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First look: Dish's Sling TV Web-based television service

Even as Apple is reportedly struggling to put together its own long-rumored web television initiative, satellite provider Dish Network has begun to roll out its competing Sling TV over-the-top offering to a select group of early adopters. AppleInsider was given access to the invite-only beta and brings some first impressions of the impressive service.

Sling TV brings together live streams from a variety of channels in its base $20-per-month package —  ESPN, ESPN2, TNT, TBS, Food Network, HGTV, Travel Channel, El Rey, Maker, Adult Swim, Cartoon Network, Disney Channel, Galavision, CNN, and ABC Family. Those first four are vitally important for cord cutters, as they air a significant chunk of live sports broadcasts and can't be brought in via a digital antenna.

Once Sling launches, subscribers will also be able to choose from a variety of add-on packages that will each be available for an extra $5 per month. A News & Info tier will add HLN, Cooking Channel, DIY Network, and Bloomberg; the Kids Extra package will bring Disney Junior, Disney XD, Boomerang, BabyTV, and DuckTV; and the Sports Extra package will add some additional ESPN networks —  ESPNU, the SEC Network, ESPNEWS, ESPN Bases Loaded, ESN Buzzer Beater, and ESPN Goal Line —  along side beIN, Universal Sports, and Univision Sports.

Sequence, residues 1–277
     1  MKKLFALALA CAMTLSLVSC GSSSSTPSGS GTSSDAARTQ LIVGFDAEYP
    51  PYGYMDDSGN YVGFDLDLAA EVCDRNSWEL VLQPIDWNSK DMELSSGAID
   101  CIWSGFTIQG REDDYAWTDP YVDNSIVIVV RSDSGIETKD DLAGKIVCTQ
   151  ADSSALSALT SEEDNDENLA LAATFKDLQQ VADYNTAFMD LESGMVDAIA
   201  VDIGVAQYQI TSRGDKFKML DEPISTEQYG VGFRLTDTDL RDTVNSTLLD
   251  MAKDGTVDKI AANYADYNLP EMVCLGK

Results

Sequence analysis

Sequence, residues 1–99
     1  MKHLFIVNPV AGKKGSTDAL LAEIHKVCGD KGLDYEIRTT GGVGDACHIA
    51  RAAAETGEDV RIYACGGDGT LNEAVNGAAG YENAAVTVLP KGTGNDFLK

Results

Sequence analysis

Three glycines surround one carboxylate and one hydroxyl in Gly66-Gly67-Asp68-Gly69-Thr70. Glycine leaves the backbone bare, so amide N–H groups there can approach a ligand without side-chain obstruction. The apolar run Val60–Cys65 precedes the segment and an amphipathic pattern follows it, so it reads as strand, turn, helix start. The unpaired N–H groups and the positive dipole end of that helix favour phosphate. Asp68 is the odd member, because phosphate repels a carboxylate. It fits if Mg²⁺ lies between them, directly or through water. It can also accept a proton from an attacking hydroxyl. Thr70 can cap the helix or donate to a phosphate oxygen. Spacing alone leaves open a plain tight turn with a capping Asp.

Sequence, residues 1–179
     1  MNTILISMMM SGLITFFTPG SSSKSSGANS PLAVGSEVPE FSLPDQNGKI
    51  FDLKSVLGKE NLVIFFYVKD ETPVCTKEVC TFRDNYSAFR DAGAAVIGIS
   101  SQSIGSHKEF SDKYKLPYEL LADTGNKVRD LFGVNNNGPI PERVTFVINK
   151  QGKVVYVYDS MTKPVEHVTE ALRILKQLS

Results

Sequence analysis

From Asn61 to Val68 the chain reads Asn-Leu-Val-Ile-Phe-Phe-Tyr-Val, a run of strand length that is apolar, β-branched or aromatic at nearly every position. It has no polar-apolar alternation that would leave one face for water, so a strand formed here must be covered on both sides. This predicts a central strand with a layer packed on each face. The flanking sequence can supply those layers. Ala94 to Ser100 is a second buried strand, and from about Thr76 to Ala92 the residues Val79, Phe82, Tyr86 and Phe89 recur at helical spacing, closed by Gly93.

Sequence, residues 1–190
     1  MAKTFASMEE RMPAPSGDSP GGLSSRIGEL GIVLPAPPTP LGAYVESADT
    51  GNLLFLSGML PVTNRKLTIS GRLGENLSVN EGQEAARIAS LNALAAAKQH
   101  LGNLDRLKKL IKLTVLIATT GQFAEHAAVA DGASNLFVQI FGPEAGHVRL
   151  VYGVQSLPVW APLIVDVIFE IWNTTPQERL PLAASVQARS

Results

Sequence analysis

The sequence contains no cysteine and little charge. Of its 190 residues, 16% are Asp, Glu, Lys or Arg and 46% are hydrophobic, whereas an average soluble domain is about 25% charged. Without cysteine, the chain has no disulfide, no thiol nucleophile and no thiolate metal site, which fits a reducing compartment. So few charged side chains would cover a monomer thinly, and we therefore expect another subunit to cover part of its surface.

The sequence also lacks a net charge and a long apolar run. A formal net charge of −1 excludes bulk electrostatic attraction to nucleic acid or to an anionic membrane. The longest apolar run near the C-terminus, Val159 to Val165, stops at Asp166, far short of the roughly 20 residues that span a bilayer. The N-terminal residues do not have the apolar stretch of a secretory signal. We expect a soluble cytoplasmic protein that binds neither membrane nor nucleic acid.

Currently, the service is available to beta users on iOS and Android devices, desktop computers, and Roku's set-top boxes. Amazon's Fire TV, Microsoft's Xbox One, and Google's Nexus Player are set to follow soon, but the Apple TV is conspicuously absent —  earlier reports suggest that this is because Dish refuses to bend to Apple's design restrictions for Apple TV apps.

Regardless, we've found the service to work well so far. The user interface is the same across platforms; you can browse channels and see thumbnails of upcoming shows, but most of the content is live.

Sling does allow some limited DVR-like functionality as well, providing facilities for both rewinding and then skipping forward in streams. A few channels allow previously-aired shows to be replayed by scrolling back in the timeline.

Some channels —  like ESPN —  don't show commercials, instead inserting a generic slate during breaks. This could be down to the fact that ESPN has an existing web streaming infrastructure for its WatchESPN apps, while others are simply piping their broadcast stream into Dish's facilities.

Video quality is generally excellent. Streams begin with a low bitrate, but usually recover within a few seconds to high definition.

Aside from live television, Sling has a small catalog of movies available for streaming. At press time, titles included hits like Brad Pitt's Fury and Marvel superhero flick Guardians of the Galaxy alongside lesser-known offerings like Bill Hader and Kristen Wiig's The Skeleton Twins.

A minor nitpick: we wish we could stream from the Sling iOS app to our Apple TV, but that doesn't work just yet. Overall, though, we're impressed with Sling TV and will provide a more in-depth look at the service later on.